12 What about child care? Find a child-care provider that is close to your work and supports breastfeeding. Visit your child-care center a few times. Touch toys and items in the center. Your milk will build up immunities to germs in the child-care center. Take your baby to the child-care center to get your baby used to it. When should I start pumping? Start pumping and storing your milk about two weeks before returning to work. Pump both breasts at the same time or pump one breast while your baby is nursing on the other. You will produce more milk that way. If your job does not have a room for pumping, find another quiet place to pump. Plan to pump your milk at work as often as you would nurse your baby if you were home. Look at a photo of your baby while you pump at work and smell an article of her clothing. Listen to a recording of your baby s voice. Hand-express or pump your milk before your breasts feel too full. 8

13 How do I store my milk? Wash your hands before you hand express or pump your milk. Put your breastmilk in clean bottles or breastmilk storage bags. Store about 2-4 ounces per bottle or bag for a 6 week old 4-6 ounces for a 3 month old Label containers with the date pumped and the baby s name. Use the oldest milk first. At work, store breastmilk in a cooler with ice packs or in the company refrigerator. If your bottled breastmilk smells sour, throw it out. 5-8 ounces for a 6 month old The fat in the milk will rise to the top of the container. This is normal. Thaw breastmilk in the refrigerator, under running water that is gradually warmed, or in a cup or bowl of warm, not hot water. Never microwave breastmilk. Breastmilk storage guidelines Refrigerator Freezer Deep Freezer Portable Cooler with Ice Packs Fresh Breastmilk Thawed Breastmilk 5 days 3 months 6 months 24 hours 24 hours Do not refreeze Do not refreeze 8 hours 9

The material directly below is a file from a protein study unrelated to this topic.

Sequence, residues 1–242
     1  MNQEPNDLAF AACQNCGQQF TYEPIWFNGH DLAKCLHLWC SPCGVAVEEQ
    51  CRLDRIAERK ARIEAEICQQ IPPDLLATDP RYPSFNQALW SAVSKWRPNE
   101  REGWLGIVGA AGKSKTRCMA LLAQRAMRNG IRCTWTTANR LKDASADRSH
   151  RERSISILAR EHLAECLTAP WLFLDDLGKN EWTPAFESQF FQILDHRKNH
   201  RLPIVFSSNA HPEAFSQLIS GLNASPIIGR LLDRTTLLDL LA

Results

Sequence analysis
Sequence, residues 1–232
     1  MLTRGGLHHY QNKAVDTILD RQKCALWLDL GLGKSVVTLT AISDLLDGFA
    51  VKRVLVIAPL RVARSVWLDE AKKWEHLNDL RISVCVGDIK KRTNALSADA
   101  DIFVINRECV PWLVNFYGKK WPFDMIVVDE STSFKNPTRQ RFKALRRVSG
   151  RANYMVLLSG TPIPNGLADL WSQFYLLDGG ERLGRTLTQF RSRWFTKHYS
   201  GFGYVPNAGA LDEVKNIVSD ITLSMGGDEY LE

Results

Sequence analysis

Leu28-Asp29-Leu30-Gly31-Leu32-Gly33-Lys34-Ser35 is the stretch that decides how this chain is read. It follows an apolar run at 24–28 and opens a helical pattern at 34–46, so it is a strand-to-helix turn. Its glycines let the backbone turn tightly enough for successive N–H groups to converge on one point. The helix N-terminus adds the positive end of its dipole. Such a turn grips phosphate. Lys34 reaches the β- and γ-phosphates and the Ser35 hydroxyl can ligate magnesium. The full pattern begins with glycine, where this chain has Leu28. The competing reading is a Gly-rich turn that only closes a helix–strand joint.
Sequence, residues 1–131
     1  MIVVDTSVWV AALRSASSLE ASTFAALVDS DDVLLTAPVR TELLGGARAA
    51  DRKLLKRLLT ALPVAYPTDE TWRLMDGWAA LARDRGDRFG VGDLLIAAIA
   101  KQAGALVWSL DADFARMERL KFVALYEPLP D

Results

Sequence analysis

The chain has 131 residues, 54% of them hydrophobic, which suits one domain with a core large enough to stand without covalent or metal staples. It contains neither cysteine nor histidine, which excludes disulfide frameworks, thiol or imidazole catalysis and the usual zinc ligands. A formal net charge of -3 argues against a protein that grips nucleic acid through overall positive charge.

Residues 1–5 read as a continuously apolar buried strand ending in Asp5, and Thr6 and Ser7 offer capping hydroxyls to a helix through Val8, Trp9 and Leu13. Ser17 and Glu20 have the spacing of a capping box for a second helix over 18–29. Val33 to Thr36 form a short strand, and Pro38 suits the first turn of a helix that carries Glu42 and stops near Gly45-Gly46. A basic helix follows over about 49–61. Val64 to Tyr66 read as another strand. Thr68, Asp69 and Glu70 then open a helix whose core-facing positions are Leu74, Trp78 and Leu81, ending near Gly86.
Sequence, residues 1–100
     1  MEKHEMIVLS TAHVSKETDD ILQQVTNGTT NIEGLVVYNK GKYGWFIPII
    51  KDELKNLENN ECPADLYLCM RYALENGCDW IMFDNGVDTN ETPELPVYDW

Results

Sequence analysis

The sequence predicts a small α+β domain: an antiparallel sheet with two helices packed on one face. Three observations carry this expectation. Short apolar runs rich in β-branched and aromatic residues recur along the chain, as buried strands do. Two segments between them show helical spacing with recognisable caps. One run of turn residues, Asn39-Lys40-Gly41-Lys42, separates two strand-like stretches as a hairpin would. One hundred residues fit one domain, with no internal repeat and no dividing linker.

14 How do I keep up a good milk supply? Breastfeeding your baby is the best way to make more milk. The more often you breastfeed, the more milk you will make. Nurse often when you and your baby are together. Be sure to pump your milk at work as often as you would nurse your baby at home. Massage your breasts while pumping. This can increase your milk supply as well as the fat content of your milk. Take good care of your breast pump. Read the pump instructions or watch the video so you know when to replace the valve or if you need to use a larger breast flange. Both of these things can affect your milk supply. Some moms will take breast milk vacations. This means taking a day or two off work so you can be together with your baby and breastfeed often for a few days in a row. This is a great way to increase milk supply. 10